Below are 21 Important Points which will help to ensure many years of trouble free operation from your military watch we strongly recommend the following watch care tips be observed:
If a watch is simply described as "Water Resistant" or "WR", then it is splash proof. There is no absolute guarantee, but this means that it should be fine in normal wear, including going out in the rain and hand washing, but not where any immersion in water takes place such as washing dishes, showering, bathing, etc.
The following usage recommendations are suggested by most watch manufacturers and there is also some very detailed information here which sets out the technical standards in detail.
Please Note: We do not recommend swimming or diving with your watch unless it has a screw-down crown (also known as screw-lock or screw-in crown) and is water-resistant to at least 100 meters. Many military watches which are rated at 50m/150ft are fine - be cautious with 30m or 99ft rated models such as retro designs which have acrylic crystals because these will have low water resistance like the original models in the 1960's and 70’s. There are some retro patterned watches which use an acrylic crystal which are water resistant to 50 m and also keep in mind there are some 100m variants with a glass crystal which meet modern standards whilst maintaining a retro appearance. The key is simply to know your watch.
When it comes to accuracy there is one very important fact you need to know in advance. A $42 MWC Vietnam watch will keep time just as well as, and possibly better than, a top of the range MWC, CWC or Marathon mechanical or possibly even a $20,000 solid gold mechanical Omega, Rolex, or other high end watch.
If that last statement surprised you, read the rest of this section carefully.
All watches tend to gain or lose a few seconds over a period of time. These are small mechanical or electro-mechanical devices that are counting out 86,400 seconds per day. Even if a watch is 99.9% accurate, it will still be off by a minute and a half in only 24 hours! So even a mediocre wristwatch has to be well over 99.9% accurate to even begin to be useful on an ongoing basis.
So, what is a reasonable expectation of accuracy from a wristwatch? The table at the top on the right is a pretty accurate guide as to what can be reasonably expected.
While some people desire wristwatches with extremely high accuracy over long periods of time, it is seldom for any reason besides personal satisfaction. The few professions that depend on precision time synchronization (such as astronomy, global navigation, train scheduling, and broadcasting) base their operations on high precision time sources, not consumer wristwatches.
So why would anyone want a less accurate watch?
The short answer is that pretty much any modern wristwatch from a reputable brand is more than accurate enough for normal use. So some people (myself included) prefer older mechanical watch technologies over the small accuracy advantages of quartz watches. In the 1970s everything was heading towards quartz watches but by the 1990s handwound and automatic mechanicals were once again firmly establishing themselves in the mid ranges and high end market.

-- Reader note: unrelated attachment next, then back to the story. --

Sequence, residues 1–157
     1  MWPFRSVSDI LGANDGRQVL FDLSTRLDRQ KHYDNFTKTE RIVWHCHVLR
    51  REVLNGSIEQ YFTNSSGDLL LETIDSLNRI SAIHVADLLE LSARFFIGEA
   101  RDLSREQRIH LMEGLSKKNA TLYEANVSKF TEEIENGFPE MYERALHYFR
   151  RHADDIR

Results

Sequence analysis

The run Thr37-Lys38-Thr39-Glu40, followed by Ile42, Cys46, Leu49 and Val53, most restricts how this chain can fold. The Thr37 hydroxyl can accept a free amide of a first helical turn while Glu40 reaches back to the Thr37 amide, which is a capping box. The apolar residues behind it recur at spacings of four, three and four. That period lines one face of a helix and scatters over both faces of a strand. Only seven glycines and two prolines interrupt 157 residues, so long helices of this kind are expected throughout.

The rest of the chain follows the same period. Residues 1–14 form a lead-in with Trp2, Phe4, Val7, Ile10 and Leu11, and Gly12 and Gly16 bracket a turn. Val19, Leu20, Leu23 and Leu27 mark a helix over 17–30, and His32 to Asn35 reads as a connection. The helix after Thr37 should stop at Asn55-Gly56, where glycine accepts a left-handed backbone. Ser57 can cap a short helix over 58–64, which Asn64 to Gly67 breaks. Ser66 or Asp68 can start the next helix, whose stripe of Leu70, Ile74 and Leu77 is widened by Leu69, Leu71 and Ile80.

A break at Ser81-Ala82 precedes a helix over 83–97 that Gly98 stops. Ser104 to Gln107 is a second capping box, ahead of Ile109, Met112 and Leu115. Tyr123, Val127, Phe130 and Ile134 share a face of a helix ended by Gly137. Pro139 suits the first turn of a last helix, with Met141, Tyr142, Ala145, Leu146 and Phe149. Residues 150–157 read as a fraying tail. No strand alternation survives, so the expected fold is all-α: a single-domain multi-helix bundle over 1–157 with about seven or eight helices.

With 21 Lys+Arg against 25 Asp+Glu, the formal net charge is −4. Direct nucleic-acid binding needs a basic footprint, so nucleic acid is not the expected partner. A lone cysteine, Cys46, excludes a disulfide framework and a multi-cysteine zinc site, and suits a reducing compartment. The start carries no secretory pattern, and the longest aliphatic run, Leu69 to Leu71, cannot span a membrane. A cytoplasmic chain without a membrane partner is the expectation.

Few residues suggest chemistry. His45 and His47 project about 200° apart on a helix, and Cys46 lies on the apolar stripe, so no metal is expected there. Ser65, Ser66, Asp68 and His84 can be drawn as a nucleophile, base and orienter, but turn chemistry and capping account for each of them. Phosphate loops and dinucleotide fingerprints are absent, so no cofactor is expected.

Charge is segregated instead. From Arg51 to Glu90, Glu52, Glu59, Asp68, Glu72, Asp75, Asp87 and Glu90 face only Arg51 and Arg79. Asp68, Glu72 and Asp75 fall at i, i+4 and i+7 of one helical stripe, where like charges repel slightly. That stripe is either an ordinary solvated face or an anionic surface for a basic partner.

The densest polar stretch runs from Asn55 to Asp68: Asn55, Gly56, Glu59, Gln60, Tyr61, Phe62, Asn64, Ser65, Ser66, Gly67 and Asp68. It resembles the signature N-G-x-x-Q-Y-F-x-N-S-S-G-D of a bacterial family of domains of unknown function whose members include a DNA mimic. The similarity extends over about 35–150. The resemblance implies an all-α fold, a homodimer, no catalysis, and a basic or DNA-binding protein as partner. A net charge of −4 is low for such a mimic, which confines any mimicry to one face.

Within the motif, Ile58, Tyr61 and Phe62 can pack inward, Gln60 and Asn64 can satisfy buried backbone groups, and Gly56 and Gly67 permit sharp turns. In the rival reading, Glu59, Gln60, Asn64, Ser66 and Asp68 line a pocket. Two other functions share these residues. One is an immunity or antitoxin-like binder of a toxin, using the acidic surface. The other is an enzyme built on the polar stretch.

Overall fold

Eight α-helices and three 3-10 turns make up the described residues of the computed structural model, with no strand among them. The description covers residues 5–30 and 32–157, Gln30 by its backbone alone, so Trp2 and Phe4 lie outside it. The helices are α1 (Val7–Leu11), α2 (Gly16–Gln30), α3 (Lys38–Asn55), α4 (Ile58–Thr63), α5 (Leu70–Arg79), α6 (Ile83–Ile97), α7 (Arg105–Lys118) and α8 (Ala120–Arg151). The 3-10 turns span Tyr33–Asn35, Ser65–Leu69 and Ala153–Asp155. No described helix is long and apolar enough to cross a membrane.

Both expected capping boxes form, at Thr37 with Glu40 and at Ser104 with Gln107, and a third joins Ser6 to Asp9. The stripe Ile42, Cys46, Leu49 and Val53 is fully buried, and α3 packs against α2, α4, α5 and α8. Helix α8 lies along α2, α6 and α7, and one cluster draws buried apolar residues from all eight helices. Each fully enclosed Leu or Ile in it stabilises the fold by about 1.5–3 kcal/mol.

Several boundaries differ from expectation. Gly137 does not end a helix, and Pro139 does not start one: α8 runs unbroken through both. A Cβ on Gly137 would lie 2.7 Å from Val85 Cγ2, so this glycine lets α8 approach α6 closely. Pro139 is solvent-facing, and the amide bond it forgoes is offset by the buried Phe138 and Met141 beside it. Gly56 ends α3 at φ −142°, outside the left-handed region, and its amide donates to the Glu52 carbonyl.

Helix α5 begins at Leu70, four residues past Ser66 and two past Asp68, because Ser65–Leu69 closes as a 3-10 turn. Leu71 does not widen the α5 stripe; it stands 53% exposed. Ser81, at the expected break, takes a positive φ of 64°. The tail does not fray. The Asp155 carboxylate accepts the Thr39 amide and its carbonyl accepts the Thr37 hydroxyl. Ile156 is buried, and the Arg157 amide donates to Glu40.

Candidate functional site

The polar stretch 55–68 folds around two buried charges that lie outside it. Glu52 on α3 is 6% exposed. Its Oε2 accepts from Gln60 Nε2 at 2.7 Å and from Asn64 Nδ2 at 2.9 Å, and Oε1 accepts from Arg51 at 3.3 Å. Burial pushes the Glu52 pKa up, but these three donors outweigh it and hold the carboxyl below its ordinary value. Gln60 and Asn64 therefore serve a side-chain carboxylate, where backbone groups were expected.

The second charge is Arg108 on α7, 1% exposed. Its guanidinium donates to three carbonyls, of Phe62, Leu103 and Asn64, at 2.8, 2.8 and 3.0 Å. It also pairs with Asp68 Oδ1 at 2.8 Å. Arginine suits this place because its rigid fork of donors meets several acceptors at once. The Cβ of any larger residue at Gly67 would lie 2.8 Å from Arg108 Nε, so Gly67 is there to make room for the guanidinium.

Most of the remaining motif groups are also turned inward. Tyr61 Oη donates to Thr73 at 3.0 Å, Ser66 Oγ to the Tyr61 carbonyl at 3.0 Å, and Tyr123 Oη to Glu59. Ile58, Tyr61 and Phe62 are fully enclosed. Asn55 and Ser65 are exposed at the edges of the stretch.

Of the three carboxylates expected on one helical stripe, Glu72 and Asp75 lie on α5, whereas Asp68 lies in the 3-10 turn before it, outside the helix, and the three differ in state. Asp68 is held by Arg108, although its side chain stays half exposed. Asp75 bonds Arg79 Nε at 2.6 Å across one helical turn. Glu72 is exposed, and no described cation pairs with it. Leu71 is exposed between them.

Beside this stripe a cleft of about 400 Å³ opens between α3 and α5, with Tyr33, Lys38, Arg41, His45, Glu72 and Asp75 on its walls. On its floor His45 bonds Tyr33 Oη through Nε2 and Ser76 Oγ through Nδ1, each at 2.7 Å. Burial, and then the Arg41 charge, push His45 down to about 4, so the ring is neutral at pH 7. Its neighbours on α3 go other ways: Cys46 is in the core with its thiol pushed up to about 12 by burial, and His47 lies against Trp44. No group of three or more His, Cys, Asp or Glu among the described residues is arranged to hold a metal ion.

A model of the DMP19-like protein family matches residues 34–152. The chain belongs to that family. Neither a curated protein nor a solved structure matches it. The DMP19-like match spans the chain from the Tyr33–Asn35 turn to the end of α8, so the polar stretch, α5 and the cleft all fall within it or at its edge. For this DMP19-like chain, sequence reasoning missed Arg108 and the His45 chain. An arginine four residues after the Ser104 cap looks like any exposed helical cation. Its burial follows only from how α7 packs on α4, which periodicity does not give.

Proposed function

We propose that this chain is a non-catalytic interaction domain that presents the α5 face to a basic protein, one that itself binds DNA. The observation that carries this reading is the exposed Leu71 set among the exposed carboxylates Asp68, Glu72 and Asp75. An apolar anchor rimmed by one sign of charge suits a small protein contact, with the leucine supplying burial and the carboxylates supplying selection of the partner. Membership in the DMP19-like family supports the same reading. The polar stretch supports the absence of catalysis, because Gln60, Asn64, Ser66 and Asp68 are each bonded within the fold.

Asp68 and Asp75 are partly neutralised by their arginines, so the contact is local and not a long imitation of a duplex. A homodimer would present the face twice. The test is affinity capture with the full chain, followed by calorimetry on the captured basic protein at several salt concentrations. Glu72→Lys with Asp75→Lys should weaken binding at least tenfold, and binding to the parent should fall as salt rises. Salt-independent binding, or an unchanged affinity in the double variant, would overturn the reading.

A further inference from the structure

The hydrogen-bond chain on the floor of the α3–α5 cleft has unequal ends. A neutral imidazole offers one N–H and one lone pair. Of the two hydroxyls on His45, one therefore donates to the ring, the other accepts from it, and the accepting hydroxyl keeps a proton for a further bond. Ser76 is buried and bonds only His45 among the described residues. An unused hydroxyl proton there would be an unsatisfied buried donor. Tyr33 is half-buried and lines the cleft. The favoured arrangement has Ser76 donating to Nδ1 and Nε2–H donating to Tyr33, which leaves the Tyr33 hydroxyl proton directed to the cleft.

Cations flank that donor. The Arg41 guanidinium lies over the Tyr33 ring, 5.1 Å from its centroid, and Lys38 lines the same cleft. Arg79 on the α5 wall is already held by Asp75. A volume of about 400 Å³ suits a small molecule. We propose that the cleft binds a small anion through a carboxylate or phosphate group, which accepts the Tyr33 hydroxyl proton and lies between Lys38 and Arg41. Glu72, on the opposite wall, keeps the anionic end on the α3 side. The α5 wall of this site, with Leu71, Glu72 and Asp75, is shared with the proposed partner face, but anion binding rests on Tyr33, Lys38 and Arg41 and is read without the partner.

Are Quartz Watches alway more accurate than mechanical models?
Typically they are, but not always. Accuracy and precision are not exactly the same thing.
It is important to remember that even when a mechanical watch is allowed to vary +6/-4 seconds per day, that does not mean it will consistently vary by that high an amount each day. Mechanical movements--except the very rare 'turbillon' movements that correct for it--are noticably affected by the gravitational pull of the Earth. It only takes a performance distortion of 1/1000th of a percent for a watch movement to be one second less accurate in a day. This causes the performance of mechanical movements to be somewhat different from day to day when not stored in a fixed position. The good news is that the actual variations of a mechanical watch will often cancel each other out. This means a mechanical watch will tend to be more accurate over a longer period than the single-day COSC measurement may imply.
The day-to-day performance of quartz is much more consistent than mechanical under identical conditions. Quartz performance is affected mainly by temperature changes and weakened batteries. So a quartz watch that you measured to gains 0.5 second yesterday will be consistently increasingly off correct time by about that amount. You can be pretty certain that in 60 days, it will be about 30 seconds off. At the end of a year, it would be likely be over 180 seconds off.
Compare that to a mechanical watch that you measured to gain 2 seconds yesterday. It would seem that our example quartz watch is 4 times more accurate than this. But while the daily measured daily variations seem much higher, they are not likely to be as consistent, so will have a dampening effect. You cannot accurately predict that this mechanical would therefore be off by 120 seconds at the end of the same 60 days. It might be right on time, or it may be 200 seconds off. That broader range of variations allows most mechanical watches to stay closer to correct time than the daily variation rate implies. Over a year, some mechanicals can on average stay closer to correct time without having to be reset than a quartz watch might where others always tend to gain roughly the same amount each day.
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